Tees Valley Mayor Ben Houchen says the Government needs to move to a ‘covid footing’ in its response to the spiralling cost of energy.
The Local Democracy Reporting Service asked Conservative Mr Houchen what steps the Government should take to help struggling residents and businesses.
On Friday energy regulator Ofgem announced the highest energy price cap on record with the cap for the average household increasing by 80% to £3,549, starting in October.
But experts have warned it could go much higher, topping £7,000 next year amid rising wholesale prices and the continued conflict in Ukraine which shows no sign of ending.
Mr Houchen, who has previously spoken out over the cost of living crisis being faced by many, said: “The vast increase in the price of energy is already having a huge impact on households and businesses.
“Supporting millions of people across the country will rightly be the number one priority of the incoming Government, no matter who wins the [Conservative] leadership contest.
“I have already called on the Government to hold an emergency budget in September ahead of the price cap change and I’m confident that this will happen.
“The Government will need to move to a covid footing and provide support similar to that of furlough and business support funding that we saw during the pandemic.”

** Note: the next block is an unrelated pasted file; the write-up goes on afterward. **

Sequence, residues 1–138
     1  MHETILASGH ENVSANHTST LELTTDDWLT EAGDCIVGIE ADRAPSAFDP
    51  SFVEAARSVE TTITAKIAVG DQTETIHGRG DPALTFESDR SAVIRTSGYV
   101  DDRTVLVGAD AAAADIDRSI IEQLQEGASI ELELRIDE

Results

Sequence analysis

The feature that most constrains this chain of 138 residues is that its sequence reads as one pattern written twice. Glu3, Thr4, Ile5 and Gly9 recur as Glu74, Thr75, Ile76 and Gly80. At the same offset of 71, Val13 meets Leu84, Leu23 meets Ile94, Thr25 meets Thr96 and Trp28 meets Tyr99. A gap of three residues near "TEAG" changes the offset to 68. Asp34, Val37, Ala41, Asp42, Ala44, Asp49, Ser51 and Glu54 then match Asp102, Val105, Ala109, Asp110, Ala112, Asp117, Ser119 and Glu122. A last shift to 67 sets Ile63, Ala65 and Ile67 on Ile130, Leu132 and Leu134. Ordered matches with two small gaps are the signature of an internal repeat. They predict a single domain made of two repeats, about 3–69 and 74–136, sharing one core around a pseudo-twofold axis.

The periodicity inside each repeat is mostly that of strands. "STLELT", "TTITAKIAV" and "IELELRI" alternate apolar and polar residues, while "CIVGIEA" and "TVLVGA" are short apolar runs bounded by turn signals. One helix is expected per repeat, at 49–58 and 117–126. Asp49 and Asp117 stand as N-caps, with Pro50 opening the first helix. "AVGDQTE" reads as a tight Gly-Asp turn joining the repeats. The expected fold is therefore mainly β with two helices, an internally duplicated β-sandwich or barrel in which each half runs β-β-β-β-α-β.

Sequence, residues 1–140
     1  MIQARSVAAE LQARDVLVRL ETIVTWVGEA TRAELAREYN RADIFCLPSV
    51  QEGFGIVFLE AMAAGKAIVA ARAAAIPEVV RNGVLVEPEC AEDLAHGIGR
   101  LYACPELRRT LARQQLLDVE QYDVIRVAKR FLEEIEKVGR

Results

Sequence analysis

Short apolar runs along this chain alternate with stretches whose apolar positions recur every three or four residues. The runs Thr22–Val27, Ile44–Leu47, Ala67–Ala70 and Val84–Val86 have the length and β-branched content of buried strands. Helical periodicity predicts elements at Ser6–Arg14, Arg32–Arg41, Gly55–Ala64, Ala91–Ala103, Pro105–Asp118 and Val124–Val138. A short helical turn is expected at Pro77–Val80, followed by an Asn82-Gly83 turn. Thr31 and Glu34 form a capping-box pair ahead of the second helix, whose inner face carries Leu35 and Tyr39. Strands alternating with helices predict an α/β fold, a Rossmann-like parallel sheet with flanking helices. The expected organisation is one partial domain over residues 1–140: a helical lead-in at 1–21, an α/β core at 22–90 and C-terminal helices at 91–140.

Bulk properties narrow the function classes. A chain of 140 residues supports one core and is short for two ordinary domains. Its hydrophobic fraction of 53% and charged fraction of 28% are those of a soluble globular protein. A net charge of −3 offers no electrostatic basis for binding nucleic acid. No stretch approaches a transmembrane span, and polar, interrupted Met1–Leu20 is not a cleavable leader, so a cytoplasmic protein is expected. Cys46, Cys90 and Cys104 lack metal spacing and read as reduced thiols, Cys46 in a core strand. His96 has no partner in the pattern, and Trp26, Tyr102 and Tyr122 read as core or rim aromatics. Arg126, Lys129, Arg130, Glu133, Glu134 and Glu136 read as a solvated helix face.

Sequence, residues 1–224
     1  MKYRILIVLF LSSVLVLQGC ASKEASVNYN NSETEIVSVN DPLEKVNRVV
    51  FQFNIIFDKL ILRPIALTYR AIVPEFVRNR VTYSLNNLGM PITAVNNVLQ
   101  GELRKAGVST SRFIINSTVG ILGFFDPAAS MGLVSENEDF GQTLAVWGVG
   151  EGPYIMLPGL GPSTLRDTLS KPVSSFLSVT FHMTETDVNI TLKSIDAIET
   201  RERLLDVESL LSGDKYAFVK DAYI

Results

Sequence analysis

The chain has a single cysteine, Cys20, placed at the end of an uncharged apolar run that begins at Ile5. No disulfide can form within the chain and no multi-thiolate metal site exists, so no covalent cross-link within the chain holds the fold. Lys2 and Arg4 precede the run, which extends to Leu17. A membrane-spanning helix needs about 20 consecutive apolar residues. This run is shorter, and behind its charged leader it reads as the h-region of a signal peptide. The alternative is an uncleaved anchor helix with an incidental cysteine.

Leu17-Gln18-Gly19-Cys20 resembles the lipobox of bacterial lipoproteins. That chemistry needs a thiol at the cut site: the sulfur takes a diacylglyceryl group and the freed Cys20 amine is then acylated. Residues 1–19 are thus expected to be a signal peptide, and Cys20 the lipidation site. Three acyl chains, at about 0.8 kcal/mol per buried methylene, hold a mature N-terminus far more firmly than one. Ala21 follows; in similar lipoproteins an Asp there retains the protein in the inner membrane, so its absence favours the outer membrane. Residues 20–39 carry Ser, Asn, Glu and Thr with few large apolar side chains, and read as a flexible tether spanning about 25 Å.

He added: “In the long term the only thing that is going to bring down the cost of energy is if we have a more secure domestic supply that includes North Sea gas, new nuclear, hydrogen, more offshore wind and other renewable forms of energy.
“Over the last few months I’ve spoken at length with ministers about the cost of living and I will continue to do so until local people get the support they desperately need.”
One of Mr Houchen’s ‘Metro’ mayor counterparts, Labour’s Jamie Driscoll, who represents the North of Tyne, said “enough was enough” and has called for a nationalisation of the energy industry, which some critics say will reduce competition.
Mr Driscoll said: “This is an emergency. We saw in covid that we can act when we need to.
“Exceptional times warrant exceptional measures.
“Not only will we see families fall into unpayable arrears, we’ll see businesses fold and people out of work, we’ll see our public services paying their budgets to energy firms, and social enterprises will close their doors just when vulnerable people most need them.
“Right now we need an emergency budget. But we do not need to pay hundreds of billions to energy suppliers.
“Nationalise the energy supply companies, nationalise the distribution networks, nationalise the wholesale suppliers and electricity generators.
“And do it properly, with citizens’ panels scrutinising them, with local authorities advising regulators, and workers from those industries on the board.
“We can only have energy security when we own it.”